The International Monetary Fund has a new study available which shows that immigration into the advanced economies (that’s us folks, we who were lucky to be born into functioning economies) makes us all richer. And they’re right to point this out too for they are right. We might even say that their logic proves that Bryan Caplan is right on this point. Comparative advantage and the division and specialisation of labour work within economies as well as across them.
The point is that yes, of course we can do that division and specialisation across borders and then trade internationally. But this is all rather easier, thus more of it happens, if people are within the same economy and thus we’re trading the resultant production domestically. Comparative advantage is the playing out of who does what in this division. It’s essentially Adam Smith and David Ricardo all over again. They were pointing out that this is the process which makes us richer even if done internationally. All that is being said here is that the greater efficiency of such domestic cooperation makes us richer again than international trade will.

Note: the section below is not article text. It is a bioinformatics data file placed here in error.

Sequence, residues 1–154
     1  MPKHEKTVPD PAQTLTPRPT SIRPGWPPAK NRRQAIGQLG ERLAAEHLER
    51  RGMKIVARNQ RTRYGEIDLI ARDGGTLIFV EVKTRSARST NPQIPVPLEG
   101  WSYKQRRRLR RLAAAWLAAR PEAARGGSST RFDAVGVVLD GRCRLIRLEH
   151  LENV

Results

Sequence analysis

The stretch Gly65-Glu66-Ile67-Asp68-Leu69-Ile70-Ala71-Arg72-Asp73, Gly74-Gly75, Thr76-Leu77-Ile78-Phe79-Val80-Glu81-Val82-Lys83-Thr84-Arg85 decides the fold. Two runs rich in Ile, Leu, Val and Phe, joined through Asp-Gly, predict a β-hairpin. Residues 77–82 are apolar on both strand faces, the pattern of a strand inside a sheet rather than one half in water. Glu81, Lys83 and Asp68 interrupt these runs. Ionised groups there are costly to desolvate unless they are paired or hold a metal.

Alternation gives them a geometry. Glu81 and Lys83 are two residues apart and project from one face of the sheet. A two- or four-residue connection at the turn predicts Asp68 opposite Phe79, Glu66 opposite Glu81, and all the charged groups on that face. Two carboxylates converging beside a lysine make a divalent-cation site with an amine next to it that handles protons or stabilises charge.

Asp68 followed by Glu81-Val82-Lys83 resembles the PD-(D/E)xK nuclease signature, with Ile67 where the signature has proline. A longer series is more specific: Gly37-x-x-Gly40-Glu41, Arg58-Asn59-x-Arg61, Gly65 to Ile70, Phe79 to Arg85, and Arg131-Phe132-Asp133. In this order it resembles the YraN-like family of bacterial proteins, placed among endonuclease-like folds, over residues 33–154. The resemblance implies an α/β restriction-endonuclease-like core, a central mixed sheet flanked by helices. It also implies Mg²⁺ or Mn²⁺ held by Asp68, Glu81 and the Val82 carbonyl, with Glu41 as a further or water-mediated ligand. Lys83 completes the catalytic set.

As they say:
“Migration, no matter how controversial politically, makes sense economically. A new IMF study shows that, over the longer term, both high- and low-skilled workers who migrate bring benefits to their new home countries by increasing income per person and living standards. High-skilled migrants bring diverse talent and expertise, while low-skilled migrants fill essential occupations for which natives are in short supply and allow natives to be employed at higher-skilled jobs. Moreover, the gains are broadly shared by the population. It may therefore be well-worth shouldering the short-term costs to help integrate these new workers.
From the study itself:
“This note examines the longer-term impact of migration on
the GDP per capita of receiving advanced economies.
By Tim Worstall for Forbes
Read Full Article HERE